Pet Ownership by Country (Dogs and Cats)

It’s no secret that humans value their furry pets. In fact, as human populations grow, so do those of their canines and felines. When human societies thrive and are comfortable, they tend to welcome animals into their families and living situations more readily. 

People like to have animals for friendship, a reason to exercise and socialize, and a boost to mental health. With the advent of the novel coronavirus (COVID-19) and subsequent lockdowns worldwide, the yearning for animal companionship seemed to skyrocket. So it could be that numbers are even higher now than before COVID. 

But just how many people own a dog? A cat? Below, we’ll break down dog ownership and cat ownership by country and show you the populations around the world who count dogs and cats as members of their homes. 

Pet Populations by Country Rank 

USA (#1 for Both Dogs and Cats)

A pug dog sitting in front of an American flag.
Puppy pug on the background of the American flag.
  • United States Dogs – 70 Million 
  • United States Cats – 74 Million 

The U.S. is the world leader in pet ownership of both dogs and cats. Americans don’t hold back on their love for their animals, either. They get professional photos done, throw them elaborate birthday parties, and even construct them their own living spaces within their humans’ homes. 

More than half of U.S. citizens have a dog or cat in their household, meaning there’s a good chance you could open any random door in the neighborhood and meet a new furry friend. Out of those pet owners, nine out of ten consider their dog or cat to be a member of their family. 

The U.S. as a country is welcoming and encouraging of this human-animal lifestyle. Dog parks, cat cafes, doggie daycare, pet-friendly travel accommodations, and the recent burgeoning of pet insurance options show Americans’ love for their animals isn’t slowing anytime soon. 

Brazil (#2 for Dogs, #4 for Cats)

  • Brazilian Dogs – 35.8 Million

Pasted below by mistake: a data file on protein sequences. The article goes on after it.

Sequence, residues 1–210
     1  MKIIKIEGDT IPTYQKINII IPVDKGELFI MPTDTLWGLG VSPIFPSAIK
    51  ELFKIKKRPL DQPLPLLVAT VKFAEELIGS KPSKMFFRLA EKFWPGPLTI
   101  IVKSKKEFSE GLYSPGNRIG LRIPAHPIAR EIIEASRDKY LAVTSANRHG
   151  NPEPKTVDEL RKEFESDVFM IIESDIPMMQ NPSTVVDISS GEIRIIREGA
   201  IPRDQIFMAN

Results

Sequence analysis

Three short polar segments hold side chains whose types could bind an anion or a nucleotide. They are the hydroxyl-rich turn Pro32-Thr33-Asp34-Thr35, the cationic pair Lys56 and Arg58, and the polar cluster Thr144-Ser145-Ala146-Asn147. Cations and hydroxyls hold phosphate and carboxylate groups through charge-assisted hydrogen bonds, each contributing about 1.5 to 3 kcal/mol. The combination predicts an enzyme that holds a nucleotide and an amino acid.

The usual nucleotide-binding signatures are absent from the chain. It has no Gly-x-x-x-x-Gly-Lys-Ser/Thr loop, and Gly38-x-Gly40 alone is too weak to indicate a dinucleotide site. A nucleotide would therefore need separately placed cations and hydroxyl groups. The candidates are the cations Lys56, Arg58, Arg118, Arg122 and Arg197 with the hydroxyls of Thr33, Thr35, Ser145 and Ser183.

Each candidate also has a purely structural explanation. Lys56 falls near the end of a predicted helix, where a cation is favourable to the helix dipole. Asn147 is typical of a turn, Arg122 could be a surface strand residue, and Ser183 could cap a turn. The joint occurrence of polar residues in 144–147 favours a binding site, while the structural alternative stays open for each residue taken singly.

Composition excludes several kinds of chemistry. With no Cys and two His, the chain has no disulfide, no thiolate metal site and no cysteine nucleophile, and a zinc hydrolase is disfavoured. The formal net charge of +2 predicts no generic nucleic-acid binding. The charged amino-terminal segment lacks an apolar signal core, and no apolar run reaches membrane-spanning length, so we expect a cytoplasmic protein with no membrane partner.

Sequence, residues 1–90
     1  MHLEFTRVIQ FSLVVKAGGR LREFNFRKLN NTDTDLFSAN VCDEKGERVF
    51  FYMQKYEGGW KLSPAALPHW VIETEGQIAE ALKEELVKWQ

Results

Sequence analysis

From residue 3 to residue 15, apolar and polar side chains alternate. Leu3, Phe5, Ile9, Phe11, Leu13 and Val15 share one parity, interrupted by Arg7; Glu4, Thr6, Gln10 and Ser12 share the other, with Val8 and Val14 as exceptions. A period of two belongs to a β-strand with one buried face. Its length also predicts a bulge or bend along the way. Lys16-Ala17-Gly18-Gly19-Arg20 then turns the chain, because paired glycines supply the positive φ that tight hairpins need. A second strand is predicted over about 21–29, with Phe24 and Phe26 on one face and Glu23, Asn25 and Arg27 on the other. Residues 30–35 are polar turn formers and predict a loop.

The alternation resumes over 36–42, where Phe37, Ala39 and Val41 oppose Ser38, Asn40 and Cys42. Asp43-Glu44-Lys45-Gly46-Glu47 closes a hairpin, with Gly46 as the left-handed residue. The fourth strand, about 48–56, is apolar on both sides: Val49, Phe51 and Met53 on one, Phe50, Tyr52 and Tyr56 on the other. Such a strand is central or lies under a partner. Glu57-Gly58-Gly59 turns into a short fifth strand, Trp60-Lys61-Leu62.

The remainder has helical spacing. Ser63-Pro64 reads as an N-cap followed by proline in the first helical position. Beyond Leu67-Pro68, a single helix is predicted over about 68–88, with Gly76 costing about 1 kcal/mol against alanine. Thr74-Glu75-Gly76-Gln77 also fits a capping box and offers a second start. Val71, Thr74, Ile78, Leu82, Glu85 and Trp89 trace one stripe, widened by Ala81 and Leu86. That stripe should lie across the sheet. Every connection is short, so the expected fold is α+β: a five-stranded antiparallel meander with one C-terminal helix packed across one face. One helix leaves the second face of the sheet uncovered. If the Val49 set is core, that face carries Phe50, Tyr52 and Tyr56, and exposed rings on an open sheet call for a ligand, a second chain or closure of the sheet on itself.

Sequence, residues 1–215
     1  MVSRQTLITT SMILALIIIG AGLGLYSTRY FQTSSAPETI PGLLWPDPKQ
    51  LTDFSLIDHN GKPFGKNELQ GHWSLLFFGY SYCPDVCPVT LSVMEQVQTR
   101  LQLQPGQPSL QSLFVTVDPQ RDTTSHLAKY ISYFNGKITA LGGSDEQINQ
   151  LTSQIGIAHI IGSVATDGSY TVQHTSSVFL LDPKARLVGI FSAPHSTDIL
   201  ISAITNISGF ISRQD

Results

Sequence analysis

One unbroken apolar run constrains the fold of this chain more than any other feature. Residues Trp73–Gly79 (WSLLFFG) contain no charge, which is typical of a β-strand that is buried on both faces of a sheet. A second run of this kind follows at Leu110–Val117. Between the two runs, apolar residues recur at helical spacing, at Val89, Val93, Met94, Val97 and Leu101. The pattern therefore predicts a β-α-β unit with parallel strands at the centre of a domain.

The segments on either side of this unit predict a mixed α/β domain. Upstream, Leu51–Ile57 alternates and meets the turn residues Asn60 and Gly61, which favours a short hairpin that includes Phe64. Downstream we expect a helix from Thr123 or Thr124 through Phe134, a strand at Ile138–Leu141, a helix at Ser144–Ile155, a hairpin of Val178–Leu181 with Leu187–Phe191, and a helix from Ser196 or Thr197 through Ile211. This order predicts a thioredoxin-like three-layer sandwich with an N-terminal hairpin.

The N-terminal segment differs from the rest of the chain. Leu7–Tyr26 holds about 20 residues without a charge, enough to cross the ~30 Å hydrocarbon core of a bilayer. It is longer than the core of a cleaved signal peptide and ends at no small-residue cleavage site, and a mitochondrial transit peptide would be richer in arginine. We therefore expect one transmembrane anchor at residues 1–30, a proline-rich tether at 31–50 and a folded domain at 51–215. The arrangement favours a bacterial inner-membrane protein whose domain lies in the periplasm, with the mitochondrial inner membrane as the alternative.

• Brazilian Cats – 12.5 Million 

The growing middle class in Brazil most likely contributes to the exploding popularity of pet ownership in recent decades. Interestingly, with the human population density so high in this country, it holds the lowest dog ownership per capita (but still tops the list in numerical stats). Considering the national birth rate, this means Brazilians have more pets than children! 

Brazil owns the most small dogs of any population in the world. As an epicenter of biological interest, thanks to the Amazon Basin’s flourishing ecosystem, this country holds the most variety in animal species, including mammals, fish, birds, and insects. 

Sadly, Brazil’s other side of animal life is not so sunny. The stray dog problem is rampant, and many dogs are simply abandoned when they reach senior status, and their owners don’t want to care for them anymore. In particular, the island of Greater Sao Paolo holds an enormous population of stray and abandoned pets who get sick and pass away without veterinary care. 

China (#3 for Dogs, #2 for Cats)

  • Chinese Dogs – 27.4 Million 
  • Chinese Cats – 53.1 Million 

The pet industry in China has grown a whopping 2000% in the past decade. Though the Chinese population surpasses that of the U.S. by a factor of five, pet ownership in China actually topped the U.S. for one year in 2019. 

About half of Chinese pet owners are less than 30 years old, leading researchers to believe that the younger generations are more open to the idea of sharing their living space with animals. This mirrors advancements in other areas, such as higher education and more cosmopolitan/urban living than their predecessors. 

This shifting attitude towards pets would have been very surprising to the region earlier than the late 20th century. China has gotten a bad reputation in the past century or so for its emphasis on dog meat for human consumption. 

Under Mao Zedong’s socialist rule, dog ownership was banned, and animal welfare was disregarded. Fortunately, as discussed earlier, this culture is rapidly evolving, and animals fare much better in China in the 21st century. 

Russia (#4 for Dogs, #3 for Cats)

  • Russian Dogs – 12.5 Million
  • Russian Cats – 17.8 Million

Seeing as Russia has one of the greatest landmasses in the world for one country, it’s no surprise that it tops the list of most dense pet populations. More than half of Russians own a cat, and about one-third own a dog.